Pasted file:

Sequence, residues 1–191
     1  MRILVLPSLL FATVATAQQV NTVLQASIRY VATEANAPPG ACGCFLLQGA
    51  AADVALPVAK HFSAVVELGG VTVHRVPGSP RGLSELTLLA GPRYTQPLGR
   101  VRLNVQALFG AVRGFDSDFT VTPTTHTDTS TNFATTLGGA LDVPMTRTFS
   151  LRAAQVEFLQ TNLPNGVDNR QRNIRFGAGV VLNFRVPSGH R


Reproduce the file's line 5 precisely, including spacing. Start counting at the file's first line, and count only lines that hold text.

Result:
   151  LRAAQVEFLQ TNLPNGVDNR QRNIRFGAGV VLNFRVPSGH R